On Sun, 20 Dec 2009 13:50:09 -0700, Laurence S. Creider wrote:
>What we are doing is outsourcing our memory and knowledge (literally). Because we can store knowledge and the results of experience outside of our own heads, we can devote more mental activity (and "space"?) to discovering new things. Further, our knowledge need not die with us. Sowhat we individually remember is only a small portion of the accumulated knowledge. So this is outsourcing we need.
>There are losses. No one in western culture since at least the 12th century can know and integrate all knowledge. We have gradually moved from knowing a small number of texts deeply and through many encounters to racing through massive amounts of information (the so-call reading revolution of the 18th century from intensive to extensive reading). I think these developments make the acquisition of wisdom harder and rarer.
Socrates discusses this in the Phaedrus. Sorry for the extended quote, but I can't figure out a decent link. Socrates talks about it by describing a wonderful Egyptian myth of the discovery of writing (Both quotes from http://books.mirror.org/plato/phaedrus/):
"SOCRATES: At the Egyptian city of Naucratis, there was a famous old god, whose name was Theuth; the bird which is called the Ibis is sacred to him, and he was the inventor of many arts, such as arithmetic and calculation and geometry and astronomy and draughts and dice, but his great discovery was the use of letters. Now in those days the god Thamus was the king of the whole country of Egypt; and he dwelt in that great city of Upper Egypt which the Hellenes call Egyptian Thebes, and the god himself is called by them Ammon. To him came Theuth and showed his inventions, desiring that the other Egyptians might be allowed to have the benefit of them; he enumerated them, and Thamus enquired about their several uses, and praised some of them and censured others, as he approved or disapproved of them. It would take a long time to repeat all that Thamus said to Theuth in praise or blame of the various arts. But when they came to letters, This, said Theuth, will make the Egyptians wiser and give them better memories; it is a specific both for the memory and for the wit. Thamus replied: O most ingenious Theuth, the parent or inventor of an art is not always the best judge of the utility or inutility of his own inventions to the users of them. And in this instance, you who are the father of letters, from a paternal love of your own children have been led to attribute to them a quality which they cannot have; for this discovery of yours will create forgetfulness in the learners' souls, because they will not use their memories; they will trust to the external written characters and not remember of themselves. The specific which you have discovered is an aid not to memory, but to reminiscence, and you give your disciples not truth, but only the semblance of truth; they will be hearers of many things and will have learned nothing; they will appear to be omniscient and will generally know nothing; they will be tiresome company, having the show of wisdom without the reality."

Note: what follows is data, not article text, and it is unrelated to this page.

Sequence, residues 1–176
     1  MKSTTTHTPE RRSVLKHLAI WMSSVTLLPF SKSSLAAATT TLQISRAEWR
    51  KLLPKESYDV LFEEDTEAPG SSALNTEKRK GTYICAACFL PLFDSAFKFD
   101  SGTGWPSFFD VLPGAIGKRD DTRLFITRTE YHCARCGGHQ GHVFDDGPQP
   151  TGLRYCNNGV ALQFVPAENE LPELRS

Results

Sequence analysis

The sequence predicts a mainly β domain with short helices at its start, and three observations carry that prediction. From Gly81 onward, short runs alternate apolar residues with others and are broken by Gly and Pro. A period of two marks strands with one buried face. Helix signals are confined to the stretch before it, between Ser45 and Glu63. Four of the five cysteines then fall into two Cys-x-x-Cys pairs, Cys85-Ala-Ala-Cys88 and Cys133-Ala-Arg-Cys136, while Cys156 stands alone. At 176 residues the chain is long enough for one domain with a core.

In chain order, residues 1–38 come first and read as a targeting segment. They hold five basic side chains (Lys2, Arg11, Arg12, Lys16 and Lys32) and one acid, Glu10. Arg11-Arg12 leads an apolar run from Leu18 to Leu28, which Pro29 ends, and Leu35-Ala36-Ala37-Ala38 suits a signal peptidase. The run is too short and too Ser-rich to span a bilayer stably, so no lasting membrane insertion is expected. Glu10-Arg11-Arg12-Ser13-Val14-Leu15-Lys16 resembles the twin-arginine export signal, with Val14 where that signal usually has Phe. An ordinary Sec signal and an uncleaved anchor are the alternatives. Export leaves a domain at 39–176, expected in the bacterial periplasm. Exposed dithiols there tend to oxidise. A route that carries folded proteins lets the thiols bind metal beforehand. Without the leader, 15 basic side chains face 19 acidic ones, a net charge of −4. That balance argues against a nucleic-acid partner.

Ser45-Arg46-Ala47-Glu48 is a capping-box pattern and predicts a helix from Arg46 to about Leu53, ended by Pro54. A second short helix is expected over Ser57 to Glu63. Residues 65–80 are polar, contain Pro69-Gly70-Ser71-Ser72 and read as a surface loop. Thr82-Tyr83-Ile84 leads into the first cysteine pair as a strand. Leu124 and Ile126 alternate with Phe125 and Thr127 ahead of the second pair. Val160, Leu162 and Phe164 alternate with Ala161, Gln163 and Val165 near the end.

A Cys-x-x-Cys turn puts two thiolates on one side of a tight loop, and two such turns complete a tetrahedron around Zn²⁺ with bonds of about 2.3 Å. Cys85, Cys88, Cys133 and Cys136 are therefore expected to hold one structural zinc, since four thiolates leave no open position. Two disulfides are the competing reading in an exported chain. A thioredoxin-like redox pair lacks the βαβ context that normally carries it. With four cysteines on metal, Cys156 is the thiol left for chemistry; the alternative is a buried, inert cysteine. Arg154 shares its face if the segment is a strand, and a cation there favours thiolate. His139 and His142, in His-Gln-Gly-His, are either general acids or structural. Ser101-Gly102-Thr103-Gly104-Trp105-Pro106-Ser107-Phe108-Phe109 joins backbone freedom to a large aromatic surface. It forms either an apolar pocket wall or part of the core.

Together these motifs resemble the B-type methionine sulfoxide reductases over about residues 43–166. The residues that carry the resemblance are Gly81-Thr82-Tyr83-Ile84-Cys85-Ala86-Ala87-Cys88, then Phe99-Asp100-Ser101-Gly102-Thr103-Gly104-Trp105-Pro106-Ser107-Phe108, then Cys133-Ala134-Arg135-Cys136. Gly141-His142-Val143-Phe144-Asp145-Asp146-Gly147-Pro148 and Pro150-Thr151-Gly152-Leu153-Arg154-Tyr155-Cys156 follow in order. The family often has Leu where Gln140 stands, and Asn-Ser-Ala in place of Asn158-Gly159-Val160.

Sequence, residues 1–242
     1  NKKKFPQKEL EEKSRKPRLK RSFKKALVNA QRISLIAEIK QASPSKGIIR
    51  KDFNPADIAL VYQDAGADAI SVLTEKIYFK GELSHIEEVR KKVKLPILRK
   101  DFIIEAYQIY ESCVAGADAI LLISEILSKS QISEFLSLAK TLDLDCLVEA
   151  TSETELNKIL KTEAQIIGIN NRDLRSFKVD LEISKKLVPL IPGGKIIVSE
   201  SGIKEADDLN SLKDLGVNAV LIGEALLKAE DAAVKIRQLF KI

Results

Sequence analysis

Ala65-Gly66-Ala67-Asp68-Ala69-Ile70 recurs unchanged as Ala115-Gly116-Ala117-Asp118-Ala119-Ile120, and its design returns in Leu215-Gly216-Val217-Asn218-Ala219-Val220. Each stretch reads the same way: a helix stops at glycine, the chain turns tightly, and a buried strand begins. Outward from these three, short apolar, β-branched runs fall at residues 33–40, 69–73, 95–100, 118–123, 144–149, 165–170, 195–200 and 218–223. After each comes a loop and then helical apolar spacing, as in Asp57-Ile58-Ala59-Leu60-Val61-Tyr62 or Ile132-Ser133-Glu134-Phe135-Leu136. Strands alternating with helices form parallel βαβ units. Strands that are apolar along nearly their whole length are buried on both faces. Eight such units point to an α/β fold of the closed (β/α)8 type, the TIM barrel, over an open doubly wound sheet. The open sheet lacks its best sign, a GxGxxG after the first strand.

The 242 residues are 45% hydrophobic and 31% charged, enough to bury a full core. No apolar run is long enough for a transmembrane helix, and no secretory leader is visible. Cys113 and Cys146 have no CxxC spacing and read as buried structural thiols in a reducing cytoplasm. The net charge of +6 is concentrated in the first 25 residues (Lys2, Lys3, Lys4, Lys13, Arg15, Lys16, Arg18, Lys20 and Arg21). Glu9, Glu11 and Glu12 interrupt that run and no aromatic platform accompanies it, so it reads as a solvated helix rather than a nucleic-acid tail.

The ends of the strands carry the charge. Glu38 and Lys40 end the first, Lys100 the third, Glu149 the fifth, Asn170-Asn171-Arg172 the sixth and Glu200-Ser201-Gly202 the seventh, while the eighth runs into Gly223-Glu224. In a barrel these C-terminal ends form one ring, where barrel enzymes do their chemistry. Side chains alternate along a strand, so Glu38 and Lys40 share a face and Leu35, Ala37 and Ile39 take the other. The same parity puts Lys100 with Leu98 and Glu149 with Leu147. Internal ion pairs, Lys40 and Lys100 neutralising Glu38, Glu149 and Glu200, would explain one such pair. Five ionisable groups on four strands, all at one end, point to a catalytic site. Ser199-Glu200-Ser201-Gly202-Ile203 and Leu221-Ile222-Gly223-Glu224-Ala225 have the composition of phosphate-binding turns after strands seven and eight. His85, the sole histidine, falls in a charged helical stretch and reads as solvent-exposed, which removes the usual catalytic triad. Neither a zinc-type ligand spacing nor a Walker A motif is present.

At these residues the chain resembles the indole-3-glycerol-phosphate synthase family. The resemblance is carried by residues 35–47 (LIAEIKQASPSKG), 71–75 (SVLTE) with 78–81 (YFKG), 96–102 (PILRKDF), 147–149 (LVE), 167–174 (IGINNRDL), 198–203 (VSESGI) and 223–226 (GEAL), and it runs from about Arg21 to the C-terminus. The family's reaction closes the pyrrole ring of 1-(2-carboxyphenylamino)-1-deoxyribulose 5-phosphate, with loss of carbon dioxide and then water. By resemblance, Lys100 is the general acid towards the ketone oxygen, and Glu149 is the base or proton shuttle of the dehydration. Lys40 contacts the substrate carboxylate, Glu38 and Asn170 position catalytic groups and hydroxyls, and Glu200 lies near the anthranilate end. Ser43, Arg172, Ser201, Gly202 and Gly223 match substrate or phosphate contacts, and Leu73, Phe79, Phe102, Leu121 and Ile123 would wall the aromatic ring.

And then he continues with:
"SOCRATES: I cannot help feeling, Phaedrus, that writing is unfortunately like painting; for the creations of the painter have the attitude of life, and yet if you ask them a question they preserve a solemn silence. And the same may be said of speeches. You would imagine that they had intelligence, but if you want to know anything and put a question to one of them, the speaker always gives one unvarying answer. And when they have been once written down they are tumbled about anywhere among those who may or may not understand them, and know not to whom they should reply, to whom not: and, if they are maltreated or abused, they have no parent to protect them; and they cannot protect or defend themselves."
And this makes sense. Whenever you are trying to understand something, questions must arise in your mind if you are listening intently: "Do I understand the argument correctly?" "What about...?" "This part doesn't make sense" and so on and so on. You want to ask questions constantly if you are an active listener.
With face-to-face communication (dialogs) this can occur but you cannot ask questions of a written text. This is why Socrates told his students not to write (which Plato among a few others, didn't follow, thank goodness!). But Socrates' criticisms have always remained true because a printed text is fixed and it is ridiculous to ask questions of a book. The way this has been "solved" is with other published materials. There undoubtedly will be later books or articles that raise interesting questions, correct errors, and so on, but that is difficult, and is a main aspect of research. Some of the experiments with new technology attempt to get around this. Two
that I can think of immediately are the book Gamer Theory at:
and I believe a more successful attempt is with Lessing's Golden Notebook
The commentaries and updates are held within the same item and in effect, solves the problems of Socrates. Who knows what there will be in the future?